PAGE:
Many of the tactics, rhetoric, and strategies of reform activists who, around the turn of the century, worked to pressure the Belgian colonial authorities to better treat their Congolese subjects were direct outgrowths of earlier movements against slavery, inhumane execution, and torture. Like these earlier activists, many of the reformers were missionaries (e.g. George Washington Williams and William Henry Sheppard) or petty government officials (e.g. Roger Casement) whose work allowed them to travel widely. This allowed these reformers to bring back journalistic, often highly detailed accounts of what was going on in the Congo to sympathetic, liberal, middle-class audiences in other parts of the world. This approach was very similar to abolitionists like William Lloyd Garrison, who used newspapers and traveling lecturers to inform affluent Northern whites about the brutality of slavery in the South. This helps to explain another similarity: the appeal to moralistic, religious rhetoric on the part of reformers (as opposed to, say, economic arguments). The strategy of moral persuasion put these reform movements in direct contrast to other burgeoning social movements of the day, such as trade unionism, that used direct pressure tactics like strikes and boycotts to force the hands of decision-makers rather than appealing to their better angels.
There were, however, at least two important differences between these reform activists and their predecessors. One is the international scope and internationalist strategy that formed their work. Unlike anti-slavery activists, who usually appealed directly to their own governments to abolish the slave trade and later slavery itself (e.g. Wilberforce in England and Garrison in the United States), reform activists concerned about the Congo had little success in appealing to the Belgians. Rather, their strategy was to pressure other governments (such as those of the UK and the US) to pressure Belgium to institute reforms. This is part of what made the Congo struggle one of the first truly modern human rights struggles in history. In this way, it bears more similarity to the movement a century later to free prisoners of conscience in the Soviet Union or provoke international humanitarian intervention in Liberia, Sierra Leone, or Darfur than it does to earlier struggles.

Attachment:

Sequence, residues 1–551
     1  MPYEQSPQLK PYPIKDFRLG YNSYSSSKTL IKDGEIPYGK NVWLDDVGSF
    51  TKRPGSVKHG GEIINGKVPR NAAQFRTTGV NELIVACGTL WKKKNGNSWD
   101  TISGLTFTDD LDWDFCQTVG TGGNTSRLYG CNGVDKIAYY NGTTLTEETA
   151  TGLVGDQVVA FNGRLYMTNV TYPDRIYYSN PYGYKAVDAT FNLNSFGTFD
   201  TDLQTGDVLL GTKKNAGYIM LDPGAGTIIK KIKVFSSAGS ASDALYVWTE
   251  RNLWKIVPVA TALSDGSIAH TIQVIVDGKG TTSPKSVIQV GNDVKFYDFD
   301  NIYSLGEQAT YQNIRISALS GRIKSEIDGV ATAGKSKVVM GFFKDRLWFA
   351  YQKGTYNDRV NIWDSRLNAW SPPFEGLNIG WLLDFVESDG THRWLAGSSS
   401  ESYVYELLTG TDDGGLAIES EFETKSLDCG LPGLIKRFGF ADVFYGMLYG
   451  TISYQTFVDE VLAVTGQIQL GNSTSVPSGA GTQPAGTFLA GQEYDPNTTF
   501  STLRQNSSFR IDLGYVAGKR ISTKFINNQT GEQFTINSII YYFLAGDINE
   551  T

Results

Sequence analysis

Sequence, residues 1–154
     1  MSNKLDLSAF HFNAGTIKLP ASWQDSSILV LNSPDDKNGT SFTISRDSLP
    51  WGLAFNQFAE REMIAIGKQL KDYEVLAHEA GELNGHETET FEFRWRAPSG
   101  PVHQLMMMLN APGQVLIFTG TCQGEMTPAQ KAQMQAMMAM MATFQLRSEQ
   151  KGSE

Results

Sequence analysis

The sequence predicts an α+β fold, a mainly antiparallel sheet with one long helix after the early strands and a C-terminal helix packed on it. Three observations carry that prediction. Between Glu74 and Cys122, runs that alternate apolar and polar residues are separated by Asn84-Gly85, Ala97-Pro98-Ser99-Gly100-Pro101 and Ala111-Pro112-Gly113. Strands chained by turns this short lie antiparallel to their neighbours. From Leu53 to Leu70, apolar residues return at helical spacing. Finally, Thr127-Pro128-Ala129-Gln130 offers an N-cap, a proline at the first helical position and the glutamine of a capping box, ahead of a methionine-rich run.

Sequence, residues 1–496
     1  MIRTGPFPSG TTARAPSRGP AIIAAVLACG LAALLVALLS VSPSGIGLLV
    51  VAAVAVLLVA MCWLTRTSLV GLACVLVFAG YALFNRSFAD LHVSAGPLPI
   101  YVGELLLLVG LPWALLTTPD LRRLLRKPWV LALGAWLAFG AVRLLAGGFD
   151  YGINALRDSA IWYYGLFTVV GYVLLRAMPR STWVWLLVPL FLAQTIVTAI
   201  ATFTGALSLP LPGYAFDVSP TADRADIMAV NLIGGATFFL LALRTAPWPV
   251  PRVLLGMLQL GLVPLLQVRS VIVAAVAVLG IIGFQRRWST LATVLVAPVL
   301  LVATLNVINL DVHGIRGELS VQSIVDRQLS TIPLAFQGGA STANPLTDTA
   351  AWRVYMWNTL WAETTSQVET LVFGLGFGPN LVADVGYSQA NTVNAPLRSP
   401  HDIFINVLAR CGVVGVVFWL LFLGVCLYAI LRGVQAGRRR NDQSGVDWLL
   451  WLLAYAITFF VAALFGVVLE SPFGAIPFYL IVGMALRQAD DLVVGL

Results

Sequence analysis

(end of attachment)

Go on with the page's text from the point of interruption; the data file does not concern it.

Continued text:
The second major difference was the movement's reliance upon modern technology, particularly photography. As Hochschild notes of one of the most prominent reformers, ED Morel,
A master of the media of his day, Morel made particularly effective use of photography. A central part of almost every Congo protest meeting was a slide show, comprising some sixty vivid photos of life under Leopold's rule; half a dozen of them showed mutilated Africans or their cut-off hands. The pictures, ultimately seen in meetings and the press by millions of people, provided evidence that no propaganda could refute.
Where the abolitionists and other earlier reformers had relied upon newspapers, reform activists concerned with the Congo relied upon photography, the (relatively) new mass media, in the same way that contemporary activists rely upon social media. The principle was the same: provoke moral outrage by furnishing people with the horrific details of what is happening in hopes that this will prod them into acting differently. But new technology allowed a new tactic to emerge to accomplish this goal.